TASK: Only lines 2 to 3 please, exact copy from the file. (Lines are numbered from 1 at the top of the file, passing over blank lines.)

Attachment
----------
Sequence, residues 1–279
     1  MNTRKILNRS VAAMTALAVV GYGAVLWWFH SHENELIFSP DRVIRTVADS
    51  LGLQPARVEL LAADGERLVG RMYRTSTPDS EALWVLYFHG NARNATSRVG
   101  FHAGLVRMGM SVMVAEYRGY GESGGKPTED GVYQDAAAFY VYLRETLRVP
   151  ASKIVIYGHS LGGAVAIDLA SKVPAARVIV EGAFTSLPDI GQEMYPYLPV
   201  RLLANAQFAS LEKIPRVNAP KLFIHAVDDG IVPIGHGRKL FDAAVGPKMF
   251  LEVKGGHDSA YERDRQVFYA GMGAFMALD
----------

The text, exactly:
     1  MNTRKILNRS VAAMTALAVV GYGAVLWWFH SHENELIFSP DRVIRTVADS
    51  LGLQPARVEL LAADGERLVG RMYRTSTPDS EALWVLYFHG NARNATSRVG